Where was Jesus for the 30-35 hours between His death on Friday, and His Resurrection on Sunday? The answer unlocks the mystery of death and gives us a glimpse of God’s Great Plan of Happiness for all of His children. Elder Spencer J. Condie of the Quorum of the Seventy stated:
“…the significance of what He [The Savior] did during those hours provides the doctrinal foundation for building [Latter-day Saint] temples across the earth. Furthermore, a testimony of what He did can greatly console those who mourn the death of a loved one.”
In His final moments on the cross, Jesus spoke “Father, into thy hands I commend my spirit” (Luke 23:46). At that moment, His immortal spirit left His mortal body. His lifeless flesh was laid in a sepulchre, and a stone sealed its entrance. However, His spirit was alive and well and would reinhabit his flesh made perfect in just a few hours.
Latter-day Saints join all Christians in believing that Jesus went to visit the spirits of the dead. In many Christian faiths, this is often referred to as Jesus’ “Decent Into Hell”. At the outset of this post I included a dramatic painting by 15th Century artist Fra. Angelico fully entitled “Christ’s Journey Into Hell and release of Old Testament Persons beginning Adam” depicting the trimphant Jesus bursting through the door of hell [note Satan smashed under the door, and a few of his minions cowering in the corner] and then Christ leading the Old Testament prophets and other righteous people out of their spiritual prison – appropriately reaching out to Adam first [an obvious reference to 1 Corinthians 15: 22 “For as in Adam all die, even so in Christ shall all be made alive” ].
The Savior Himself greatly anticipated His visit to the obedient in the spirit world:
“The hour is coming, and now is, when the dead shall hear the voice of the Son of God: and they that hear shall live” (John 5:25).
Fr. Stephen’s recent blog post “Where Was Jesus On Holy Saturday?” gives a great scriptural overview of Jesus’ plan to preach to the dead, and shares the Catholic doctrine of Jesus’ decent to the spirit world by quoting from the Catechism:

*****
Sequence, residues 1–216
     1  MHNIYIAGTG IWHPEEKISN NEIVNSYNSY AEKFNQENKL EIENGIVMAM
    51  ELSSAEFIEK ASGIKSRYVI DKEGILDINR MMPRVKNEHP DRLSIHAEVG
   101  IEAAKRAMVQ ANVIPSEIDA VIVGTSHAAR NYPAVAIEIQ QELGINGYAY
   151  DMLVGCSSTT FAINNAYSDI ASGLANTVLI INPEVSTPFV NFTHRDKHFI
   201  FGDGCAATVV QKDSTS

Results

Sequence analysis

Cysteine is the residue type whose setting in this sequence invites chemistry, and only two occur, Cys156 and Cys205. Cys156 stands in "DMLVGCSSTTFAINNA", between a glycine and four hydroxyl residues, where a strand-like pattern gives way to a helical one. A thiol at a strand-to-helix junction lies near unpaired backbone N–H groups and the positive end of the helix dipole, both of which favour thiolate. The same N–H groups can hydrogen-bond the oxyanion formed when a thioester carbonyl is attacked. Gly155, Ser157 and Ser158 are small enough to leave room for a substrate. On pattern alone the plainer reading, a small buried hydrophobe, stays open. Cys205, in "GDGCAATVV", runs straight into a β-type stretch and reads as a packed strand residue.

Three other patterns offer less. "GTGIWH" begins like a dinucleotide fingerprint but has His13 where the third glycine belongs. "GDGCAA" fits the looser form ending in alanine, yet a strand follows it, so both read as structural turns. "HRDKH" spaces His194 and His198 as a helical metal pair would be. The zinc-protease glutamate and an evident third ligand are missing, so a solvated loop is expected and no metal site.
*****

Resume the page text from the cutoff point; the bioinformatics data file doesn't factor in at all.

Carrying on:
“The frequent New Testament affirmations that Jesus was “raised from the dead” presuppose that the crucified one sojourned in the realm of the dead prior to his resurrection. This was the first meaning given in the apostolic preaching to Christ’s descent into hell: that Jesus, like all men, experienced death and in his soul joined the others in the realm of the dead. But he descended there as Savior, proclaiming the Good News to the spirits imprisoned there”…[Catechism paragraph 632 – emphasis added]
We have established that on Saturday, Jesus went and preached His Gospel to the Dead in “Hell” [Spirit World / Spirit Prison]. But, Why?
To understand why Jesus visited the spirit world after His death, we must return to a night following His first cleansing of the temple at Jerusalem. Nicodemus, because of his prominence as “a ruler of the Jews,” came to the Savior to discuss matters of great concern. Nicodemus acknowledged the Master as “a teacher come from God.” Jesus then taught him, “Except a man be born of water and of the Spirit, he cannot enter into the kingdom of God” (John 3:1–2, 5). – Elder Spencer J. Condie